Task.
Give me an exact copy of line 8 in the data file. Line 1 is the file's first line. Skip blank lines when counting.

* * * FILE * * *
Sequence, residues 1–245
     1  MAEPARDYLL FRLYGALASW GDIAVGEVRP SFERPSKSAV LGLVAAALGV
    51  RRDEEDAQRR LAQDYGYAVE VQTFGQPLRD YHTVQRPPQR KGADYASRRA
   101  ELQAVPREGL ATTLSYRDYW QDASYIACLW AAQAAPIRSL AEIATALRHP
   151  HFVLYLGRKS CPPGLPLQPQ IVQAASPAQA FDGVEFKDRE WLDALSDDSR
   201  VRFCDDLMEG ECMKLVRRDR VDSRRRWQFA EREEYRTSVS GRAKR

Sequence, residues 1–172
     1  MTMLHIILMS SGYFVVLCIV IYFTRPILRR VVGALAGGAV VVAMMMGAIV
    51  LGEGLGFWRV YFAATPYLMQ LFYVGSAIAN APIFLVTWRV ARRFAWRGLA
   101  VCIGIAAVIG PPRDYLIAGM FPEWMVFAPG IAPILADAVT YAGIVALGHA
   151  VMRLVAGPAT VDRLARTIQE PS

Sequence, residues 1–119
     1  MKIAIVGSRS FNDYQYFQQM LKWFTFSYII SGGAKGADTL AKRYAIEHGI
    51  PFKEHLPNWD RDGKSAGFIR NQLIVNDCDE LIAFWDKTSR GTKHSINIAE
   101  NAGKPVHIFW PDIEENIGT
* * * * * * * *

     1  MTMLHIILMS SGYFVVLCIV IYFTRPILRR VVGALAGGAV VVAMMMGAIV